Peppers – vegetable or fruit?

Vegetables or fruits?

Vegetables or fruits?

There are NO vegetables. Everything we call a vegetable is actually a fruit. So said the host of the TV show On The Spot this past weekend.

What? I’m a farm kid. I grew up around agriculture and spent most of my professional career in public relations working with clients who served the ag industry. I had never heard this before.

This was such a provocative statement, stated so definitively, that I had to do the research. First stop: Wikipedia. The answer was fascinating, taking into account botany, the culinary arts, and the law.

Botanically – (upon which On The Spot must have made its pronouncement) – the ovary of a flowering plant is the fruit. Since both fruits (peaches, plums, oranges) and vegetables (eggplants, bell peppers, tomatoes) come from the flowering part of the plant, they are botanically speaking all really fruits. 

Culinary – In the grocery story and kitchen, fruits and vegetables are mutually exclusive. Fruits are the edible part of the plant with a sweet flavor. Vegetables are the edible part of a plant with a savory flavor.

Legally – When in doubt, the law may intervene as it did with the tomato in Nix v Hedden, a case argued before the Supreme Court in 1893. The outcome? The tomato is a vegetable. The case had such import because commodities are taxed as vegetables in particular jurisdictions and pocketbooks would hurt depending on where the tomato came down.

To be fair to the Supreme Court justices, while they declared the tomato a vegetable for tax purposes, they acknowledged it was botanically a fruit. How’s that for standing firmly on both sides of the debate?

My research didn’t stop with Wikipedia (a cautionary tale for all). The Mayo Clinic points out there really are vegetables – those foods that come from parts of the plant other than the flower, e.g. celery (stem), lettuce (leaves), and beets, carrots and potatoes (roots.)

All this may be a bit of a diversion, but we writers like to be precise in our use of language. And as one speaker arguing for a classical education opined, It’s important to know the rules before you break them.

Offering another, particularly timely, perspective on the topic, a Facebook post weighed in on the topic today: Knowledge is knowing a tomato is a fruit. Wisdom is not putting it in a fruit salad.

I know all this new-found knowledge/wisdom will come into play in my writing at some point. I can hardly wait.

Comments

  1. Carol, I love exploring pinhead angels and our family sport is stretching things to the absurd. Well done, we must be related. Within the past three months the topic of fruits vs. vegetables was dinner table conversation for several days running. You’ve taken things even further. And yay for pointing out how it applies to writing.

    • Carol Bodensteiner says:

      Thanks for indulging my diversion into the silly, Sharon. Seems like a worthwhile August activity.

      • BTW, this extreme focus probably already has come into play in your writing. It applies in so many ways, but especially documentable detail. As a beta reader I recently pointed out to a friend that (among other things) her main character could not have pondered the purchase of a succulent tomato in 14th century Ireland. They were unknown outside South America at that time.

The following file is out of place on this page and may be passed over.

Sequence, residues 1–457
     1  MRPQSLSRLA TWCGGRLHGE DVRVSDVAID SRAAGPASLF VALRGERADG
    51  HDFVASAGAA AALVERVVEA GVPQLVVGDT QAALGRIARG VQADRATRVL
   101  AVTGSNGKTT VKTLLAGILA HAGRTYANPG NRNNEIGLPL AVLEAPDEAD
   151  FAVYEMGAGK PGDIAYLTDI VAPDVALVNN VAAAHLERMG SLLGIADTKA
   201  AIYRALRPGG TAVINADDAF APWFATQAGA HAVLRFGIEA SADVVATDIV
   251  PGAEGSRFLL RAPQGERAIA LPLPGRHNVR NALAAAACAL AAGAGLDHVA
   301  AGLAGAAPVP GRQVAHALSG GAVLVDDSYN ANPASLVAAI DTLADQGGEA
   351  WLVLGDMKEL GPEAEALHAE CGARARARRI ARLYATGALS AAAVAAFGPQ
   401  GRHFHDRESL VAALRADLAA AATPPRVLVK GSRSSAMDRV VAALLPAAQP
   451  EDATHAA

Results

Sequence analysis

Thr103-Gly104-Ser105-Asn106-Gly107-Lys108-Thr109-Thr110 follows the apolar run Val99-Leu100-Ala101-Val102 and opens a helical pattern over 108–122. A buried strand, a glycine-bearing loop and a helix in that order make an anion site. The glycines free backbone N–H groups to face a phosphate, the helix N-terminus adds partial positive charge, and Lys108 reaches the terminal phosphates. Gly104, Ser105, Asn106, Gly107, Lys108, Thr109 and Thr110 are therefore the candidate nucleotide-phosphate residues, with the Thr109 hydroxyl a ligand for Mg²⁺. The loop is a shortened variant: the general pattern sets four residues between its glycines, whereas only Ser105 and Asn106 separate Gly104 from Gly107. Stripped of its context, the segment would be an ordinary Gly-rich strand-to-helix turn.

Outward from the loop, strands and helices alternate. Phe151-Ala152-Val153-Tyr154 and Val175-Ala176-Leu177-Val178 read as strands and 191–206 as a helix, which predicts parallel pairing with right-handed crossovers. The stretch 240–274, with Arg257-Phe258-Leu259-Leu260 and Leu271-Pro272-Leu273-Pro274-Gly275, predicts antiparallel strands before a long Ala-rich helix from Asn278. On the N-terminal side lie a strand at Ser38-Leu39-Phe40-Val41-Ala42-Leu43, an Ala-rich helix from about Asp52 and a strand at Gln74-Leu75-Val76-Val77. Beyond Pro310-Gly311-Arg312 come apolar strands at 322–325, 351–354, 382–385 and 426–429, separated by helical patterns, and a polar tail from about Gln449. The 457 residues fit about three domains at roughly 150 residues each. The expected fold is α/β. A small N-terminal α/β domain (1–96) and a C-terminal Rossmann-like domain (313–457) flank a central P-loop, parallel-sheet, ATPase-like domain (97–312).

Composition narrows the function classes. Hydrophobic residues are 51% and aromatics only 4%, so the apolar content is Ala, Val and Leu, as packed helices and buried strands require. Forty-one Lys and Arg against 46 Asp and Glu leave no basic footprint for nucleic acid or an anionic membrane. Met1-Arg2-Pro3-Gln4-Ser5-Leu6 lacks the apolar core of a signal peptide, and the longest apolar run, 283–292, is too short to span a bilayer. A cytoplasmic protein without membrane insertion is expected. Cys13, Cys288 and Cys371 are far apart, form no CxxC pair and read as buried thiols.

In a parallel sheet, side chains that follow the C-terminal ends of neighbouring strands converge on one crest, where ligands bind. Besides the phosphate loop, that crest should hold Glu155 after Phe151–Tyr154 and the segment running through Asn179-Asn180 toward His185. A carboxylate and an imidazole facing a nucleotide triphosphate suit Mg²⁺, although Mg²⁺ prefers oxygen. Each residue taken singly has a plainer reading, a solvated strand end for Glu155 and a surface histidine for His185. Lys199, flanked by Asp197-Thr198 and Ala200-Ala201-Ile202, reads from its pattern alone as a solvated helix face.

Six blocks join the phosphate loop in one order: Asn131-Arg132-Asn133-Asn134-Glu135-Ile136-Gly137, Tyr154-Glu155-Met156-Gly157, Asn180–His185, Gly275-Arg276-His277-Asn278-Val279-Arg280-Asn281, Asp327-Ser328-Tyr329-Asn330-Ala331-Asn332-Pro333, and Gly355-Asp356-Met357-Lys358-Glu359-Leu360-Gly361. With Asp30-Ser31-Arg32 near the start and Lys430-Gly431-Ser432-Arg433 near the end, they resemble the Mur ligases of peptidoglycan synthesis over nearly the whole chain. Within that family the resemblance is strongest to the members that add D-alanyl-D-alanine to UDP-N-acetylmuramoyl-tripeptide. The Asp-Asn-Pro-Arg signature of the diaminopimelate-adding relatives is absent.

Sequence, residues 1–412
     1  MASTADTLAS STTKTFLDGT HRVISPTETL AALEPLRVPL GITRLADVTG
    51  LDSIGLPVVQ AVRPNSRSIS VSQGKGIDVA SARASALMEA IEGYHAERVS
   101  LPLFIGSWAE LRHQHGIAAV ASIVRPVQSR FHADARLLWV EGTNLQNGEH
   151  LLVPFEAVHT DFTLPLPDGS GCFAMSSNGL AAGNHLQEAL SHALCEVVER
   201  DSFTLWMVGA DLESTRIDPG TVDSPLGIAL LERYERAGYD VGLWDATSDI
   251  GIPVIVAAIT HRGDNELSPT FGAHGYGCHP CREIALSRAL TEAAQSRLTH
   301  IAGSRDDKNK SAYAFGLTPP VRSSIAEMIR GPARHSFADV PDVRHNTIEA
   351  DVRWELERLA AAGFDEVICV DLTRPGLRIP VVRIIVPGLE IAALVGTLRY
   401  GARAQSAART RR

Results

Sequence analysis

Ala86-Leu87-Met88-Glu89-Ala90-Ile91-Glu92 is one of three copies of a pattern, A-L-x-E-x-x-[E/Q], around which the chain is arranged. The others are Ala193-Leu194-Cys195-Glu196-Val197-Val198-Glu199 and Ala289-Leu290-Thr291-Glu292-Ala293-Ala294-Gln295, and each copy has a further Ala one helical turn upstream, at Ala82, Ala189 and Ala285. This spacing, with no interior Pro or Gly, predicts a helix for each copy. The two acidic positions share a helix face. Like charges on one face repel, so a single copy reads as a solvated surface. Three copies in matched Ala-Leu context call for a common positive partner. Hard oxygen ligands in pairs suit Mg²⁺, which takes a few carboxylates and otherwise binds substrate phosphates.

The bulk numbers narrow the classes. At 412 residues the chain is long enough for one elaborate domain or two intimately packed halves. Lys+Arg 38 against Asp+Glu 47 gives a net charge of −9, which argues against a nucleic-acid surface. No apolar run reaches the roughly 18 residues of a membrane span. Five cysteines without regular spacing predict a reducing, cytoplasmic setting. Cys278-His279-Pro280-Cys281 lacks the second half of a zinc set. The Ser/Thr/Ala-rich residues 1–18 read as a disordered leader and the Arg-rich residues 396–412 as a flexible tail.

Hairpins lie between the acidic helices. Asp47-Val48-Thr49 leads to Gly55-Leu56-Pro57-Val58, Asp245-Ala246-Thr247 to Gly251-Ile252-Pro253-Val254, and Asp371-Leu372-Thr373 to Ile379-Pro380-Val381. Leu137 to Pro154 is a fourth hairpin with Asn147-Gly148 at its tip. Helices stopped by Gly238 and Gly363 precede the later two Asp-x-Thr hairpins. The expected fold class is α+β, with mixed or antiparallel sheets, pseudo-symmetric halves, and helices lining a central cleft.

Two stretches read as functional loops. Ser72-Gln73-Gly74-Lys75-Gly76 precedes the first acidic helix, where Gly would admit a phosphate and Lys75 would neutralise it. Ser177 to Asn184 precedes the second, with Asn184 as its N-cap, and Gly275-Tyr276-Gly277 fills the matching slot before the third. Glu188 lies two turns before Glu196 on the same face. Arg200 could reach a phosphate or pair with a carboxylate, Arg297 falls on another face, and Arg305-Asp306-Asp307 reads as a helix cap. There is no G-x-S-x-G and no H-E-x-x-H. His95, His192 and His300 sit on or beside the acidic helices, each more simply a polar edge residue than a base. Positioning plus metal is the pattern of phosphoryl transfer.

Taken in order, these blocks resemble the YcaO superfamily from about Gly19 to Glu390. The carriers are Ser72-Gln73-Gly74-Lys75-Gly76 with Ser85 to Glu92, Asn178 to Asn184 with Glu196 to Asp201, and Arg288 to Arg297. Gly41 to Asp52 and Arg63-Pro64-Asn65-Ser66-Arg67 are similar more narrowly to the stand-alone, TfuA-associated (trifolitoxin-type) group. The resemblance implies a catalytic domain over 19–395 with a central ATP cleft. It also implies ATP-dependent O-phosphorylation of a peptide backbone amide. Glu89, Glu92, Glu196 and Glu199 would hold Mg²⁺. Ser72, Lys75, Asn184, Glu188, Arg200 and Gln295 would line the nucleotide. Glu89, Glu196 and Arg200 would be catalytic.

I’m having to redefine a character in a WIP after learning that no search and rescue helicopter service I can find in the state of California has more than one chopper. I put him in a second. Guess he’ll have to die another way because it’s important that he die after arriving a few minutes late for work because of an early morning dalliance that will cause his grieving widow massive guilt. And then there’s all that word choice stuff. Fun, fun, fun.

        BTW, I’m wondering now, would vegetarians more properly be called fruititarians?

        • Carol Bodensteiner says:

          A love of research and attention to detail did come into play in my novel Go Away Home. I had to adapt my story when I learned that transmitting photographs from Europe to the United States could not have been done in the manner and time frame I needed them to. You’re right, Sharon, that’s part of the fun of writing.

          Fruititarians? Why not? We make up words all the time. Another tidbit: In researching the fruits/vegetable question I learned that the word “veggie” was first used in 1955.

  2. Fun take on the old question. So, have you let the On The Spot host know about this error?

    By the way, you’re on my blog this week.

    • Carol Bodensteiner says:

      I just found a contact and have sent a message. It will be interesting to see if they respond.

      I look forward to seeing your post, Tracy. Thanks for showcasing my blog.

  3. What an insightful post, Carol! I’d never heard that some people are calling peppers fruits, although I can see why, based on the flower to fruit connection. Love the fruit salad quote!

    • Carol Bodensteiner says:

      Hi, Doreen, Thanks for dropping by. So far I’ve only heard the host of “On The Spot” suggest that peppers are fruits, but he was broadcasting far and wide. And it was fun to play with.

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